For example, take the 1854-O crumbled die which is supposed to be more scarce than the Huge-O. But so few people collect by variety, that the price varies widely.

    You might put a VF up for auction and have 2 people fight over it, and it sells for $500. Then in a few months, another VF will show up, but only 1 person wants it, and it sells for $200.

    The 1856 Flag in 1 of skirt was for a short time though to be extremely rare, until people actually started to look for it. Now it is considered fairly common.

    I'll have to get the Brigg's book out and look up your variety. I've never even heard of it, and I've never seen it being discussed by anyone.

    In terms of value, nobody could tell you. You can use past sales as a reference, but I don't recall any sales of this variety you mention.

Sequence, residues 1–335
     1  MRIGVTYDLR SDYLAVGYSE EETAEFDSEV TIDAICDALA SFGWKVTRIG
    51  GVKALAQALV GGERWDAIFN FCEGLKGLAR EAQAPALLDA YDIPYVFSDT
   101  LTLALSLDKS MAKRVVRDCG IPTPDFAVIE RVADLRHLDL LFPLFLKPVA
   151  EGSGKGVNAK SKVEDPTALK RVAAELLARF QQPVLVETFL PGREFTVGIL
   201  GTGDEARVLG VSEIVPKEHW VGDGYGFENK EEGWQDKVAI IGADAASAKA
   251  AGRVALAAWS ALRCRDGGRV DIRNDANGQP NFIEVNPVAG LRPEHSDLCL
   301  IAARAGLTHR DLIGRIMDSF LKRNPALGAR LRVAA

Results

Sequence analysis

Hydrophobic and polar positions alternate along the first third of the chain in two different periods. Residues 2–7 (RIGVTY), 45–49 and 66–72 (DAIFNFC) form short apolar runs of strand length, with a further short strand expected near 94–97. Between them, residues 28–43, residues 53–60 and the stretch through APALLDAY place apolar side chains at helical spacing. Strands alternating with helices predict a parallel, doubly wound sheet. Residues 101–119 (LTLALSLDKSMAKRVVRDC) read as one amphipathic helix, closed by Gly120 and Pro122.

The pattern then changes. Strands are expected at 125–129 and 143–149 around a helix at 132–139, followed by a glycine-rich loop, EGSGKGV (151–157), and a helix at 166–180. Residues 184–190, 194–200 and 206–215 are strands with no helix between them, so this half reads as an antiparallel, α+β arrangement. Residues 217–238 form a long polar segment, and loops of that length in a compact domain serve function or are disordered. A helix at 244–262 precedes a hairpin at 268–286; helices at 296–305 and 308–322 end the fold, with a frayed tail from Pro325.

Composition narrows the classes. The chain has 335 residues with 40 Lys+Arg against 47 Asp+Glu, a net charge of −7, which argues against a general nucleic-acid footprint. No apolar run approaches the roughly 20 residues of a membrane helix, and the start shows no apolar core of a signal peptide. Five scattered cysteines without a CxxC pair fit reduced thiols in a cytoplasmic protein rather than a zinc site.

10. Leadfoot

    Leadfoot there is no spoon

    Your best answer will likely come directly from Larry (or another specialist) or from careful searching of the Heritage archives. As pointed out above, understand the market for these is very thin & highly variable...Mike
  11. huntsman53

    huntsman53 Supporter**

    I agree with you totally! Varieties are very volatile on the coin market but that is much the same with every coin which people have interest in. One month the values may be up or even astronomical then the bottom drops out for values.

    The Variety is in the Cherrypicker's Guide - Fourth Edition, Volume II as FS-25-1876-304! The book shows a URS of 5 but I am of the belief that the Variety has an extremely low POP...especially in the higher grades. The value in the Cherrypicker's Guide is $300 in AU-50 (which I think is now about three years old) but I believe that it should be much higher!

    I have tried in vain to locate any information on the Variety on the web to no avail! Apparently a very small number of these have ever come up for sale and apparently none at auction through Heritage, Bowers & Merena, Goldbergs or any others.